Web writing is all about emotional impact. We’ve already said web writing is a direct selling environment. (WWUP #1) To attract and retain readers, we must get to the point quickly. But the point we get to cannot be intellectual. It must be emotional. When I use the word emotional, I don’t mean the writing should be cheesy or sentimental. I mean it should be emotionally authentic. It should build trust, not violate it.
For example, consider this web copy: “When you buy from Company XYZ, you receive personalized service.” That is obviously an empty promise—dead and wooden. It doesn’t build trust. What if we approached it from the point of view of the customer: “Our service representatives have fans. One customer calls her rep, ‘Mr. Trustworthy’ because he always shows up when she calls. Once, he returned her call while he was getting ready to attend his son’s wedding. Mr. Trustworthy returned her call and made sure her problem was handled.’” Do you see the difference? In just a few words we create emotional impact by relating a success story.
So, how do you create emotional impact? Particularize. Tell a story about satisfied customers. Get real about how you create delighted customers. Deliver that impact.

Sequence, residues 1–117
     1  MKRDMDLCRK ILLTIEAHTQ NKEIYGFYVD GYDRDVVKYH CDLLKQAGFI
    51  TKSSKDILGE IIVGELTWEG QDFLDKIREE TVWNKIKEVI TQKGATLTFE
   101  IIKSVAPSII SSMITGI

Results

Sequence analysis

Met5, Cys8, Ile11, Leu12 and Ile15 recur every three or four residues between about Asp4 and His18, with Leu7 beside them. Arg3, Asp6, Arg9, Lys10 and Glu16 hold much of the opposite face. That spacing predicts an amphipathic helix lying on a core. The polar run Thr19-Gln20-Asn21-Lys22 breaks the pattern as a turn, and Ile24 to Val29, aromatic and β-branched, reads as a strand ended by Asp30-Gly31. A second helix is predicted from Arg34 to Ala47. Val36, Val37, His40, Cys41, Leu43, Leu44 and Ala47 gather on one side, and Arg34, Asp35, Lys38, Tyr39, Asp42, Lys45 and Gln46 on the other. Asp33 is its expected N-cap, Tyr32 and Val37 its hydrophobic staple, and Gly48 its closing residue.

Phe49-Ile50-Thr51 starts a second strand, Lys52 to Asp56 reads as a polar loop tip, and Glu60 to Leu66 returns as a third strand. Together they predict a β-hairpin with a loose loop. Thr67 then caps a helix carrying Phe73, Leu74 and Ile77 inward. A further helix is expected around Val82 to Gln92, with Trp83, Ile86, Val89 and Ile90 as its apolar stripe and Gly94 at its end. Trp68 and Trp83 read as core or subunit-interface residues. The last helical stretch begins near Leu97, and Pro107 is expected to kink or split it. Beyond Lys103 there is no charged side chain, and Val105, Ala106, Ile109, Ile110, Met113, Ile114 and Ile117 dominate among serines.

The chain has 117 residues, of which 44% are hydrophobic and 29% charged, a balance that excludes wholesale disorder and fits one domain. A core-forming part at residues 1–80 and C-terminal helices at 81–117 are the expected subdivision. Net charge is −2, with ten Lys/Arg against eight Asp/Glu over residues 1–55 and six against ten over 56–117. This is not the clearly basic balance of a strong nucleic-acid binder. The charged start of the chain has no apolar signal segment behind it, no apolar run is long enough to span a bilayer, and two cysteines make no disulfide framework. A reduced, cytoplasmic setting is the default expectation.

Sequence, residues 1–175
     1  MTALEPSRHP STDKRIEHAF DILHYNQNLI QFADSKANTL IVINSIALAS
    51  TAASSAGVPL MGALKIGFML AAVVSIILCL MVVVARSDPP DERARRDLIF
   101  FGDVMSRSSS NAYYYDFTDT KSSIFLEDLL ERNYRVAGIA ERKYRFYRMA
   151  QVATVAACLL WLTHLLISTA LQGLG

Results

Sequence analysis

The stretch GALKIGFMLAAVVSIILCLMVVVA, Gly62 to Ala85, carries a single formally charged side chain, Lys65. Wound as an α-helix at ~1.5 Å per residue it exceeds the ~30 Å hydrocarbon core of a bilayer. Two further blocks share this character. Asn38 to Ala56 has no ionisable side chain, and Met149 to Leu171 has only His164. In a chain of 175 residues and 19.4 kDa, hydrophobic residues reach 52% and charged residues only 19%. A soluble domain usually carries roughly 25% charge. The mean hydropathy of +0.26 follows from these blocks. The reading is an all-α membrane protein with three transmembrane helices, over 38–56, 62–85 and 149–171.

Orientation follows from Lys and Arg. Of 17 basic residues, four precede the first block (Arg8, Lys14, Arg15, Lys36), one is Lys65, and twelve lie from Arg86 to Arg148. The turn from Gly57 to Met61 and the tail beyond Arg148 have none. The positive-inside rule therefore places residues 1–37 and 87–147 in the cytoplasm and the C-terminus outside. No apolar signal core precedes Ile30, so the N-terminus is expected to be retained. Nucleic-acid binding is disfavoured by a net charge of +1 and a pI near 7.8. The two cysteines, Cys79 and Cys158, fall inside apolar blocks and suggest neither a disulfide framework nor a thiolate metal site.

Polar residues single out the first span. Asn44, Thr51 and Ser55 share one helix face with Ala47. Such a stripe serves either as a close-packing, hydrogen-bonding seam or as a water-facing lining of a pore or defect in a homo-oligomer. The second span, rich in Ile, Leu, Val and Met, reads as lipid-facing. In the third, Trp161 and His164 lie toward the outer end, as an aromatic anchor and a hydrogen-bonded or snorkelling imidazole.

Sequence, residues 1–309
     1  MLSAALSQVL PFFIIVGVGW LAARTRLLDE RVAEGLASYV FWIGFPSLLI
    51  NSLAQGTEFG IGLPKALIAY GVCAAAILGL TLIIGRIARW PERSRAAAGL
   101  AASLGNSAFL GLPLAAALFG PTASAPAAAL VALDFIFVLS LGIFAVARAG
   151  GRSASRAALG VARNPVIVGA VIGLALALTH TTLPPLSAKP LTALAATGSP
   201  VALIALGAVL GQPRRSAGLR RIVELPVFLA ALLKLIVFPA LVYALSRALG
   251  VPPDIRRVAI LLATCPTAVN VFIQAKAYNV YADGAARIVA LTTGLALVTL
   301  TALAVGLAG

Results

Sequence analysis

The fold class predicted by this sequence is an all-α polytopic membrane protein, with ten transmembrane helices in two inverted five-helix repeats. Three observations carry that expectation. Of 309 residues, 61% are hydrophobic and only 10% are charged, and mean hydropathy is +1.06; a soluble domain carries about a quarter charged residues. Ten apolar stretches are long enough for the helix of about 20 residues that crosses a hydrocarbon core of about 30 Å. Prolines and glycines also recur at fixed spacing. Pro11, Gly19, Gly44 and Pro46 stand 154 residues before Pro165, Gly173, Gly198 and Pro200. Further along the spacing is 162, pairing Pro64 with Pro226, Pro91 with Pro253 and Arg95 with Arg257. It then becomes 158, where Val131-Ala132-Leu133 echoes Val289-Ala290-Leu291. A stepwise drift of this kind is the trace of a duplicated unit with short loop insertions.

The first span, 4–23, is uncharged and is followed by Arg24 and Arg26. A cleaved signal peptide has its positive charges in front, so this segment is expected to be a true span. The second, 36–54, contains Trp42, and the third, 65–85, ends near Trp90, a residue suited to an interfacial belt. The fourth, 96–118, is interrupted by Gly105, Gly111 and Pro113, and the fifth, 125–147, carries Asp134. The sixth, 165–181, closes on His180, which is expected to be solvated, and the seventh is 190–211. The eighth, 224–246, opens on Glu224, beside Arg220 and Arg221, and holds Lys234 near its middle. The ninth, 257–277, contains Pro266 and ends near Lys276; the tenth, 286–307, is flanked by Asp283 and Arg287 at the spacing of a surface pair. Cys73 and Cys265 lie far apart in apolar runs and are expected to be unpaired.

What if you’re a new business and you don’t have any success stories you can call on? What if you company business process isn’t there yet, generating quality success stories.
Just use business language instead of abstracted, intellectual sales talk.
An example: “Smaller grocery chains are being inadequately serviced by large food marketing organizations. Company XYZ solves that problem.”
Improved: “As far as the large food marketing organizations are concerned, your grocery chain is not even on their radar screen.”
You could argue using “radar screen” is a cliché. Perhaps you don’t like it. My larger point is to suggest you should use language that delivers the emotional impact without beating around the bush. That kind of language creates trust, keeps people reading your web site and ultimately contributes to making a sale.